By Scott Hamilton
Special Coverage of the Boeing crisis
Jan. 24, 2024, © Leeham News: What began as a non-fatal accident with an Alaska Airlines 737 MAX 9 on Jan. 5 has blown into a full crisis for Boeing. The company was once considered the gold standard of commercial aviation.
Today, 171 737-9s remain grounded in the US by the Federal Aviation Administration (FAA). There is no end in sight as the FAA and National Transportation Safety Board (NTSB) investigate the accident of Flight 1282 in which a door plug (an inactive emergency exit) blew off the 10 week old Alaska MAX 9 on climb out from Portland (OR).
It is the second time the MAX has been grounded. All MAX 8s and MAX 9s were grounded from March 2019 for 21 months. This grounding only affects the MAX 9.
Evidence points to Boeing quality assurance flaws in final assembly. An anonymous Boeing employee posted on LNA a detailed scenario how Boeing failed its own processes in final assembly of the Alaska plane. (His post follows this article.)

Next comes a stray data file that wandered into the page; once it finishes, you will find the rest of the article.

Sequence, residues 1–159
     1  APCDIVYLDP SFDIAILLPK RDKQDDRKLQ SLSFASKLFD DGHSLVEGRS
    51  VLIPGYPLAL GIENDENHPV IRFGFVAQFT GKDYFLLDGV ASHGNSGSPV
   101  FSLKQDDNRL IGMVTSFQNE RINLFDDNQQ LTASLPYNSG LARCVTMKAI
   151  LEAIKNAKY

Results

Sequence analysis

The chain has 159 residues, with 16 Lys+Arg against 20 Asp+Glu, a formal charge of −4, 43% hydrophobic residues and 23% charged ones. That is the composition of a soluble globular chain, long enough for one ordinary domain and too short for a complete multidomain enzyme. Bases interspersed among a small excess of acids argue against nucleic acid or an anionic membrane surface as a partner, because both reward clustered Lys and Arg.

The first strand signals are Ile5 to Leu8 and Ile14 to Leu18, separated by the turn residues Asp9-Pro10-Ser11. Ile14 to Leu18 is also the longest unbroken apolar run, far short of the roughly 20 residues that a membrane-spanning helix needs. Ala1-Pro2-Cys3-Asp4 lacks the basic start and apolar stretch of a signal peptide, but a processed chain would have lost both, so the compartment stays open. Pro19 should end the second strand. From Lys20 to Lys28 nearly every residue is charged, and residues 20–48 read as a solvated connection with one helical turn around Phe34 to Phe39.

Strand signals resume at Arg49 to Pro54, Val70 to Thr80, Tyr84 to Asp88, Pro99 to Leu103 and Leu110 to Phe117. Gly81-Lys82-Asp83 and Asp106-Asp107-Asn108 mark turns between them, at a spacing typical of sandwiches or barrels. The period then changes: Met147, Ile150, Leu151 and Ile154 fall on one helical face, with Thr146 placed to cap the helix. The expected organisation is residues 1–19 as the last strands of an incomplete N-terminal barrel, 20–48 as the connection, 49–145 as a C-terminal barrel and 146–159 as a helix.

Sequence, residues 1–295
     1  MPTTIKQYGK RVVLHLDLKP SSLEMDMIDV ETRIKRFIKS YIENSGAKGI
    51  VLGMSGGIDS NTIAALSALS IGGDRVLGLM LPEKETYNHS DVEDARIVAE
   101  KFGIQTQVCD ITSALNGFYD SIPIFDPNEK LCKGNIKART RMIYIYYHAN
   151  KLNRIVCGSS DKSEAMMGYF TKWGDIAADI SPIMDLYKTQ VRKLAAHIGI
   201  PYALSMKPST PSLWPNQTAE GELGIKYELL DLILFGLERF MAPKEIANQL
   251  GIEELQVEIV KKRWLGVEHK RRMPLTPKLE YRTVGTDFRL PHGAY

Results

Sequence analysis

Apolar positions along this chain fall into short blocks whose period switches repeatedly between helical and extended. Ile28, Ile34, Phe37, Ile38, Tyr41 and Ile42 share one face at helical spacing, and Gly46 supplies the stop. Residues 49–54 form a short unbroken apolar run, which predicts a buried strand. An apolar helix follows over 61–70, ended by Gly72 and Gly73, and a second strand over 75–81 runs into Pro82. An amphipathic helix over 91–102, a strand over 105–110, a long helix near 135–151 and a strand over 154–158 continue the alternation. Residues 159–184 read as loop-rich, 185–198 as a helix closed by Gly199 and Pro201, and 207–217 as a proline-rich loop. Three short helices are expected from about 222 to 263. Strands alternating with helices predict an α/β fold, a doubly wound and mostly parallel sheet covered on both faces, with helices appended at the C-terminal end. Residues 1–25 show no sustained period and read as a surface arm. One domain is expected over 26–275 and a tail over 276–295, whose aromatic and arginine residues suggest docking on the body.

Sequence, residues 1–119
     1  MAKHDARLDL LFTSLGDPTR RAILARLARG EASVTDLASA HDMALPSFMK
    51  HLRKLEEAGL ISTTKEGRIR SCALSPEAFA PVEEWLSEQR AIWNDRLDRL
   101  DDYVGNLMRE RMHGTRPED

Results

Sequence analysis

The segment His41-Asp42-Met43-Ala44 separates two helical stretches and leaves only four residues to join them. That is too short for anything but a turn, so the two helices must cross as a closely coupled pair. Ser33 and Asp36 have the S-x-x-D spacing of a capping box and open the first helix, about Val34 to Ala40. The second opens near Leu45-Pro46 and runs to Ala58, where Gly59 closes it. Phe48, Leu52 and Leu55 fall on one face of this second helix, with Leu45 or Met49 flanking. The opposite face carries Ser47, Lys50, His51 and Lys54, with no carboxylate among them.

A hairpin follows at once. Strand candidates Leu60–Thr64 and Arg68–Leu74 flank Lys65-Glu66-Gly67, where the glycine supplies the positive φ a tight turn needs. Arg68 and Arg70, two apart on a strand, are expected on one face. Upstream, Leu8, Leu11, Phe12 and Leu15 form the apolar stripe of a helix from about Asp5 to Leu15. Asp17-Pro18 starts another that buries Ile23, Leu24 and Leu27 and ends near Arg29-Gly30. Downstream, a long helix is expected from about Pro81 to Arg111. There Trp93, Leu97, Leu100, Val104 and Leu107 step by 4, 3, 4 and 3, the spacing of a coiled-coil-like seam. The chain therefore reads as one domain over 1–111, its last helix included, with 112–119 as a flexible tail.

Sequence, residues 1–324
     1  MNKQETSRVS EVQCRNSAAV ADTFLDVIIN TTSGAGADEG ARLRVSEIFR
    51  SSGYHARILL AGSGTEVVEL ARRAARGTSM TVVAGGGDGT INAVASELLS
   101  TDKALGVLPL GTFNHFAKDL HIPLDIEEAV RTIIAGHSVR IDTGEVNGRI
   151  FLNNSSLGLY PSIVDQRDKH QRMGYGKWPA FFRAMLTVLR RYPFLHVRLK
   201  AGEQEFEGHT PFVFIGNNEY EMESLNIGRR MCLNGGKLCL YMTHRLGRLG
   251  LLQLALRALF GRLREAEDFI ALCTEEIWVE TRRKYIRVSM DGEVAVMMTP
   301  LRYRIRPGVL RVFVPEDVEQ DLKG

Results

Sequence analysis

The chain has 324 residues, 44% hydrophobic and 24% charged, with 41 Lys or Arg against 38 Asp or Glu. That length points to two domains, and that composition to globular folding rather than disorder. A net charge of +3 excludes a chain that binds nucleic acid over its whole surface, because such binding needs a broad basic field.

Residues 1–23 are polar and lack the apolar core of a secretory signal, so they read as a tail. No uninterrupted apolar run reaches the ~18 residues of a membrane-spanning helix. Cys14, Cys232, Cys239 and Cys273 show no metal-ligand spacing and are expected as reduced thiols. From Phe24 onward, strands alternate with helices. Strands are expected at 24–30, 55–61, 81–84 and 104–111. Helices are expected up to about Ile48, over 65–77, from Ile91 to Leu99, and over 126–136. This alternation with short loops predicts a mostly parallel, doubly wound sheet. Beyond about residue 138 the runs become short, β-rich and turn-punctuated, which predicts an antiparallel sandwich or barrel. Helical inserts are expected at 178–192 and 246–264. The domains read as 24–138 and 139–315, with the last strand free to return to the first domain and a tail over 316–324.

The FAA is booting more inspectors on the ground at the 737 Renton factory. On Jan. 24, Boeing shut down the 737 assembly line for a “safety stand down.” CEOs of Alaska and United airlines, the two US carriers with the 171 MAX 9s on the ground, publicly eviscerated Boeing.
At the first aviation conference following the Alaska incident, the Aviation Week suppliers event, some speakers called for leadership changes at Boeing.
Richard Aboulafia, a consultant with Aerodynamics Advisory, is a long-time critic of Boeing CEO David Calhoun. He’s called for Calhoun’s ouster—a move other panelists didn’t endorse. Nor did any call for the ouster of Stan Deal, the CEO of Boeing Commercial Airplanes. But several believe that heads will soon roll, including Calhoun’s.